The Shapes Of Trees: Ailanthus

Ailanthus in winter (photo by Kate St. John)

The Shapes of Trees continues today with an Asian import.

Some Pittsburghers call this tree a sumac but it’s a case of mistaken identity. Sumacs are in the genus Rhus. This tree is an Ailanthus, specifically Ailanthus altissima. Its common names include Tree-of-Heaven as it is called in China, and “Tree From Hell” because it’s so invasive in North America.

Ailanthus has a unique shape in winter with sparse, thick, crooked branches in an open crown. They’re always reaching up.

The branches look crooked from a distance because the twigs are stout and blunt and the buds are large and alternate. Each bud changes the angle of the twig. A twig can be as fat as your finger.

Ailanthus altissima twig (photo by Kate St. John)

Ailanthus grows easily in waste places. David Sibley writes in his Guide to Trees,

Trees have been known to sprout from roots 150 feet away from the original trunk and grow over 12 feet in a year.

The Sibley Guide to Trees, page 353

Read more in this vintage post, Winter Trees: Ailanthus.

(photos by Kate St. John)

10 thoughts on “The Shapes Of Trees: Ailanthus

    1. Art Gover, thanks for the reference. I have one of the chemicals which I use on my gravel driveway. I thought that chemical was not to be used around eatibles.
      A couple years ago I hired a horticure graduate. Unfortunately I paid ahead of time and he sprayed when I wasn’t home. The expert killed by herbs, killed my raspberries, and left me with 2 ft. stumps which returned. The expert now sells realestate.

    2. Hi, Nan.

      The treatment method I described would not threaten non-target plants, edible or otherwise. You hold the spray bottle inches away from the cuts on the stems. The chance of getting the material where you don’t want it is remote.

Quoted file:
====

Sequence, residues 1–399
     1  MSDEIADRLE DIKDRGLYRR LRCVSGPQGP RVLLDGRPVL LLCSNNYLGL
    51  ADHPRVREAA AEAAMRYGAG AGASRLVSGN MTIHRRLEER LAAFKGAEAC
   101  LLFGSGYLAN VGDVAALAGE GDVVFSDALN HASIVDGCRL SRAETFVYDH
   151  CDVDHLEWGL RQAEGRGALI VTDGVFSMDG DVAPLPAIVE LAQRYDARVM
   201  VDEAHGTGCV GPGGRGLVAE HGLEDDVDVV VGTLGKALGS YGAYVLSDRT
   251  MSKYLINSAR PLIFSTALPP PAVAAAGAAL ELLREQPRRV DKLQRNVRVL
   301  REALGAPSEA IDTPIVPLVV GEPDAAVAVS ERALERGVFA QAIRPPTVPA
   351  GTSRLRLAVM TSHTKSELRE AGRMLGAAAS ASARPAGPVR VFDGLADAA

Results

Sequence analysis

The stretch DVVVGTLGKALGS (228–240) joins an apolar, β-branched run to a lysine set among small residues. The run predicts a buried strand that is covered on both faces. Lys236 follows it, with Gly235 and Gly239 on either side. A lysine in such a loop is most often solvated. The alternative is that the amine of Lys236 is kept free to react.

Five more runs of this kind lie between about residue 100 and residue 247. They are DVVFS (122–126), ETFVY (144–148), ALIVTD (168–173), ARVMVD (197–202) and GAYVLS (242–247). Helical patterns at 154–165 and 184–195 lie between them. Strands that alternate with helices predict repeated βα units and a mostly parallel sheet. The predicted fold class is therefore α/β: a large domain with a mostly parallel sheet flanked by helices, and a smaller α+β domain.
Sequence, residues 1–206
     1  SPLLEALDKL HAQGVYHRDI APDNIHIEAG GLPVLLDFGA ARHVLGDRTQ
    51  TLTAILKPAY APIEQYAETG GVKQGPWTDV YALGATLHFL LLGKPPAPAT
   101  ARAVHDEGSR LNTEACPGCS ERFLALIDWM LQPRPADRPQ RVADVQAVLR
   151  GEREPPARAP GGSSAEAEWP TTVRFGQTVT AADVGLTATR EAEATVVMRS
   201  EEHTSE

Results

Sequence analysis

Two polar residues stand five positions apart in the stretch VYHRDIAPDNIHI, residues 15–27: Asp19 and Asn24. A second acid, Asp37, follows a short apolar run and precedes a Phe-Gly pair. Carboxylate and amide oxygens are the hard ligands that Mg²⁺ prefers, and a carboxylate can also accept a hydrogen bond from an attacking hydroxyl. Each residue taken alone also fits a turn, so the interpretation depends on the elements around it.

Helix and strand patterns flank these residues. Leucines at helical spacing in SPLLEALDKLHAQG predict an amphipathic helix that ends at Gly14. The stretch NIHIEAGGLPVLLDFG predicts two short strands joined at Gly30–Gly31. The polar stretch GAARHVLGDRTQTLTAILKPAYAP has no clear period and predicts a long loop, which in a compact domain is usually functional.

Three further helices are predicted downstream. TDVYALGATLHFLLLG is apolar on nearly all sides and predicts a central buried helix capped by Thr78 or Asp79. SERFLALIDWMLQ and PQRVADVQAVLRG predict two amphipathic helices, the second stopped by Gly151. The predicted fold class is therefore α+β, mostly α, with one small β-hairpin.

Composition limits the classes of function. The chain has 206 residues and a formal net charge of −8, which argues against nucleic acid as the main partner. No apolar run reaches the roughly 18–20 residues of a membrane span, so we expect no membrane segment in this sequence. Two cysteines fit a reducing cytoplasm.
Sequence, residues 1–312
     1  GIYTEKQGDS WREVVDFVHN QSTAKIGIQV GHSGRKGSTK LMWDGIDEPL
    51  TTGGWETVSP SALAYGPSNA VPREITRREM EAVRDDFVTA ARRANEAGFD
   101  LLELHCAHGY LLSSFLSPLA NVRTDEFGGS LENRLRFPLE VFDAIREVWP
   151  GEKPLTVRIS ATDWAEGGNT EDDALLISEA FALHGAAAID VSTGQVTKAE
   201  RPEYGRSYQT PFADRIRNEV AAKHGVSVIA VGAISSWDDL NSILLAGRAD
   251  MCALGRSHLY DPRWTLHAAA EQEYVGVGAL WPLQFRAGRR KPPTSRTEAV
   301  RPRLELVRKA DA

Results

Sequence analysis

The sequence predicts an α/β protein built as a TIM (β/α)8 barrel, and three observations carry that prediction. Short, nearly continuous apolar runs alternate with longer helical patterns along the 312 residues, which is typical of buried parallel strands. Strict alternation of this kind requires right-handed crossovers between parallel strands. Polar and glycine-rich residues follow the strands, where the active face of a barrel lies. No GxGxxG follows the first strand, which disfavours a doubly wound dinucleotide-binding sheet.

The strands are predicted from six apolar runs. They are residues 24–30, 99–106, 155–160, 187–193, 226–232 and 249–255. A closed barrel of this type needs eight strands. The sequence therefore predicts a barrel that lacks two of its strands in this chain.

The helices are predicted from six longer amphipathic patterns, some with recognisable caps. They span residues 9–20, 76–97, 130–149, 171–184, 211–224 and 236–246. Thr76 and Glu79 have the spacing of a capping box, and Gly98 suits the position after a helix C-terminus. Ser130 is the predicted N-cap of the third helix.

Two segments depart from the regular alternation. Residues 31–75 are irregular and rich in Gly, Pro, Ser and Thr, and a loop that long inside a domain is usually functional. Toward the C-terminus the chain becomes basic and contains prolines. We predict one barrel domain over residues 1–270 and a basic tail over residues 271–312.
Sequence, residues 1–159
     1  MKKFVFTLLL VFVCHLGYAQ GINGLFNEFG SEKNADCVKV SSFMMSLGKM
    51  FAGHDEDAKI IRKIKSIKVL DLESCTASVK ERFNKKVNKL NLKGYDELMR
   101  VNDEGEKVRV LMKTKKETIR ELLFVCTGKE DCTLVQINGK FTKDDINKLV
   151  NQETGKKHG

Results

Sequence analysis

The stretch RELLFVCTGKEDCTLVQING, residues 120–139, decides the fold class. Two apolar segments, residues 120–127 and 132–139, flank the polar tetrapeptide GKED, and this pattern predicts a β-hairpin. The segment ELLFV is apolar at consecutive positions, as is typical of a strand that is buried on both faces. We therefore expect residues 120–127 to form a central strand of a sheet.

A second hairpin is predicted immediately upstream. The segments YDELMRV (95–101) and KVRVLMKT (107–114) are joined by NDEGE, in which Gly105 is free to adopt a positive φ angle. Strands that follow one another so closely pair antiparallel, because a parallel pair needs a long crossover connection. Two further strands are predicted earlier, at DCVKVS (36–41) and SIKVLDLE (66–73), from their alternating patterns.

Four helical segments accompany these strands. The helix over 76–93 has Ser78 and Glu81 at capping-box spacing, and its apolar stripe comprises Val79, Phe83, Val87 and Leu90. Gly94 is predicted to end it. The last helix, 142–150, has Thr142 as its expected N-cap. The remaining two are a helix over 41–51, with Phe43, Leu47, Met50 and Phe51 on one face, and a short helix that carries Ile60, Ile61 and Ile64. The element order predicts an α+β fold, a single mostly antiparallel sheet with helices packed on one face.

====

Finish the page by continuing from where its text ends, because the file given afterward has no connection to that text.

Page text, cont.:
1. There’s a beautiful conical-shaped tree in Cheswick not far off Pittsburgh St near where the theatre used to be. I’ll have to get a photo sometime. Not sure what it is, but the trunk has deep grooves in the bark.

  2. Back to Tree of Heaven. Impossible to get rid of, leave a bit of root and “I’m back.” The biologic was probably mentioned in Valley News Dispatch (Trib). Fungi ? Specific? Applied by professional at root. Where oh where is the professional and what does he charge?

    1. Hi, Nan.
      There is a naturally occurring fungus, Verticillium nonalfalfae, or now often referred to as Ailanthus wilt. Biologically speaking, you can use infected trees as an inoculum source to infect non-infected trees. It is not a commercialized product as it has not been registered as a biopesticide by the EPA. Therefore, a professional service would not be permitted to do that for you. It was first isolated by researchers at Penn State. It is also being researched at WVU by a former Penn Stater and his students, with the hope of eventual registration and commercialization. In the interim, the easiest way to kill Ailanthus is to use the “hack and squirt” method from July through September, where you make spaced cuts around the trunk and apply a concentrated herbicide such as triclopyr or glyphosate with a spray bottle to the fresh cuts. You can cut down the treated stems in the winter. Treating stumps is not effective, whether using a DIY remedy or registered herbicide, as the material will not move into and kill the roots.

  3. A Tree Grows in Brooklyn” was an Ailanthus.
    Mature Ailanthus trees are as beautiful as any so called native tree.

    The Ailanthus was planted as a “street tree” in the 19th century, surviving harsh city conditions and thrived- unlike so many of our younger street trees today.
    I take many long walks around the East End and I have seen most street trees survive on an average of about 2-7 years, in which they grow sickly until dead.

    I’m often puzzled that humans despise anything that is “common” because it thrives.
    The Ailanthus does not threaten other native trees, they are all getting along just fine. They are considered a problem when foresters clear land of all trees, and the Ailanthus is the first to return to, and survive the bare land where they cut all the native trees down.
    Penn State University has an excellent article and photo of a mature Ailanthus on their campus:

    1. If you have a small fenced garden, mulched with grass clippings, with herbs and a lettuce patch and room enough for 3 or 4 tomatoes… And it is invaded by a Tree of Heaven … The Tree of Heaven is not a beautiful tree

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